Our basketball columnist ventures to Portland.
In the beginning, also known as last week, I welcomed you to my ebullient but off-kilter basketball life. We were in Brooklyn, watching a Nets game—an unlikely place to begin, as a Manhattan resident and Knicks fan. Just as unlikely was the cross-country flight I took last week, bound for Portland, Oregon. I flew in on a Thursday morning because I wanted to see, finally, the Portland Trail Blazers play on their home court, known now as the Moda Center. I’m still going to call it by its glorious former moniker, the Rose Garden. It was an inevitable outcome: a beautiful name erased by an insurance company.
Once I knew the Blazers would be in Portland when I was, I didn’t hesitate to get tickets. Really good tickets. I yearned for that contact high I’d spent my entire life hearing happens in Portland. I’d tried Barclays Center—that sanitized, bank-named, eminent-domained, half-empty pod of steel Frank Gehry dreamed up for developers to drop in the middle of Brooklyn—but I never liked New Coke. I needed a shot of real basketball excitement. The Rose Garden would have spirit–a kind of saucy, sustained legacy that’s difficult to associate with today’s style of fandom. A strange potion runs through the basketball blood of Portland. It’s stayed hot from the days of games at the Memorial Coliseum, where the Blazers played from their inception in 1970 until 1995. On April 8, 1977, the Blazers beat the Phoenix Suns 122 to 111 in front of a sellout crowd and went on to enjoy another 813 consecutive sellouts, making theirs, until recently, the longest sellout streak ever by a major U.S. sports team. Six and a half years earlier, the Blazers had played their first-ever regular season game, a 115 to 112 win over Cleveland in front of only 4,273 fans.
Winning puts butts in the seats, no doubt. But not even the Celtics or the Lakers, for all their respective history, for all their endless phalanx of fans, could touch the consistency of the Portland crowd. As I got older and Trail Blazer games found their way onto East-Coast TV, I’d take one in from New York and feel I was watching a relationship in the open: not a business transaction or an athletic distraction but an entire city’s complicated, cathartic self-expression. I don’t believe in authenticity, but whenever I watch a Blazers game, I come as close as I can.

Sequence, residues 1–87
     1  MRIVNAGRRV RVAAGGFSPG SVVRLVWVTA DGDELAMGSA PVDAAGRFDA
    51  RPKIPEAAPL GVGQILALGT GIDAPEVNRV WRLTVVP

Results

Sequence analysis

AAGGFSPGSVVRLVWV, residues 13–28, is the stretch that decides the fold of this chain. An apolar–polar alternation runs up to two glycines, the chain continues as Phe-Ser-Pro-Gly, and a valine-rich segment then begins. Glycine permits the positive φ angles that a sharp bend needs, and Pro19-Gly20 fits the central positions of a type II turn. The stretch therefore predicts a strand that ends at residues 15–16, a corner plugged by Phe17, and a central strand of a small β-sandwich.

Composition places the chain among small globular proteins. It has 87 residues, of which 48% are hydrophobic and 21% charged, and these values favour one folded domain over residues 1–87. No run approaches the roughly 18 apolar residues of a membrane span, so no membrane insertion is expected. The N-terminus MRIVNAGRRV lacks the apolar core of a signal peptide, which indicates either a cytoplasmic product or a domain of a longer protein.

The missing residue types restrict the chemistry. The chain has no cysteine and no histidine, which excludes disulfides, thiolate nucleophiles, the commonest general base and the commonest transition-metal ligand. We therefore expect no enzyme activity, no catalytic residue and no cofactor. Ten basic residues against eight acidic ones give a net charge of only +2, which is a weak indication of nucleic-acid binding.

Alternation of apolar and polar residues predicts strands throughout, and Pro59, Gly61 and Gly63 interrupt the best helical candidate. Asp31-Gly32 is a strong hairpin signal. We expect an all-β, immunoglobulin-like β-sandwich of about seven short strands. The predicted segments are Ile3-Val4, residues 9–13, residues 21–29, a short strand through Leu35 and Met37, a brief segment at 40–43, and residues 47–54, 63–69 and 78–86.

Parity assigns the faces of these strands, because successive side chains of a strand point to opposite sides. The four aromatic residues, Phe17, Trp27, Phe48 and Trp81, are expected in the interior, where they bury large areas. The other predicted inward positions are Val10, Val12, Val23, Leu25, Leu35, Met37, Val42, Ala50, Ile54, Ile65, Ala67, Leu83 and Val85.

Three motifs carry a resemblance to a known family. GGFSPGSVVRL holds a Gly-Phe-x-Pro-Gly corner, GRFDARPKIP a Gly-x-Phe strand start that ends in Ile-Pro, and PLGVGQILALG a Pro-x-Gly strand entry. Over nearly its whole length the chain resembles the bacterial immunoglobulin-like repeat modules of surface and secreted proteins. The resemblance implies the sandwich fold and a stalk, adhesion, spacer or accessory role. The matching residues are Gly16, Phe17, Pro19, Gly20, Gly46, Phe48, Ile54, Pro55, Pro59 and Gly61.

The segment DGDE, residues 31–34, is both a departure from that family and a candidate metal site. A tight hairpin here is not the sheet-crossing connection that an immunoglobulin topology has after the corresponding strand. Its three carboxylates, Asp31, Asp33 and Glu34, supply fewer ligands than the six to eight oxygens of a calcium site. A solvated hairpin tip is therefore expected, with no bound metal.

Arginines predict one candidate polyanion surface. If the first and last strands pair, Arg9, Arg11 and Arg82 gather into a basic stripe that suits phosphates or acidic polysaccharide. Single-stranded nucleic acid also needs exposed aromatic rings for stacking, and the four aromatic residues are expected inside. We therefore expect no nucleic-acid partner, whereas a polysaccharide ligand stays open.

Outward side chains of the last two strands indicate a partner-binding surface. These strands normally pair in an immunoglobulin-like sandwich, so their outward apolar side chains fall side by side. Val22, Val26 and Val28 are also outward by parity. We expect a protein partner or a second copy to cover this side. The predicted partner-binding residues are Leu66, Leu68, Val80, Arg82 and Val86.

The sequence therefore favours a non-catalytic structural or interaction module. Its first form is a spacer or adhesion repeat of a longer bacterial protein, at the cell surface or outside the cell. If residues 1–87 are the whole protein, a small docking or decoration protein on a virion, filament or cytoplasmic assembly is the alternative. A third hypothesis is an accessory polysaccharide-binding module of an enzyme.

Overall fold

Going from Brooklyn to Portland made me see how the two cities have cross-pollinated. Before Brooklyn became the place that, for better or worse, you know now, there was Portland, the Rose City, doing its thing: the type of town where men grow beards just before they start learning to play the banjo, where boutiques set up floor-to-ceiling cans of Pabst Blue Ribbon as interior design. Portland is a version of Brooklyn blessed by ecology and geographic fortune—no Manhattan to its West, no Long Island to its East. You’ll have a hard time finding a place with a better balance of urban ambition and small-town slowness, an equilibrium matched only by its mix of cultural openness and baffling-but-not-really homogeneity.
Portland doesn’t read like a basketball town, unless you remember what the NBA was like before it exploded into the mainstream in the eighties: back when cities like Seattle, Baltimore, and Philadelphia moved the needle. Today it’s easy for outsiders to buy into the idea that Portland has always been so hip that to say the word basketball would be to draw the same scorn as to say U2. But before Portlandia, before Stumptown Coffee, before fight clubs, before de facto skateboard advocacy became de jure skateboard advocacy, even before Courtney Love met Kurt Cobain, I was a kid on the East Coast in love with Portland’s greatest export: Trail Blazers basketball.
There was a time, not as long ago as it may seem, when basketball games were hard to find on television. There was no big network deal to show games; there was no NBA League Pass to let you choose whatever team you wanted to see on your television, tablet, or phone; there was no highlights show. This was a time when the good stuff got to you by word of mouth or via the five-minute sports segment on the evening news where you caught a glimpse of brilliance and made a note to keep an eye out for that player. We forget, the tide of his commercial success so strong that we’ve long since drowned in it, that this is what happened with Michael Jordan. He wasn’t the first pick of the 1984 NBA Draft. He wasn’t the second pick. He was picked up by a middling team with no national presence, and he signed a shoe deal with the Snapple of the Coke-Pepsi war, an Oregon-based company named Nike. I’d stay up through the evening news to catch the sports roundup and increasingly, after the recaps of the local teams, there would be a clip of this “Michael Jordan of the Chicago Bulls” doing something improbable, the sportscaster describing it in a rushed voice because he’d edged past his allotted time but the production crew allowing him to go with it. Sometimes there were no words at all with the clip, the glide and swagger of the highlight met with silence and then a simple “Would you look at that … ” after we’d already looked at it. Since the mideighties, fans of basketball have been subjected to one supposed superman after another, capable of endorsing countless products in a single bound, lifted into the strata of superstardom by the marginalized element, the team. Where once we looked toward the constellations for our stories, now we look for the star.
In 1977, the Portland Trail Blazers won their first and only NBA Championship in their first-ever trip to the playoffs, with their coach—Jack Ramsay, aka “Dr. Jack”—in his first year at the helm. Dr. Jack was known for his balding pate, his pants, and his immense basketball acumen. He died last year a living legend, broadcasting nearly until the end of his life. He was by then a national figure, but for me he was always a part of Portland. The number seventy-seven hangs in the rafters of their arena in his honor.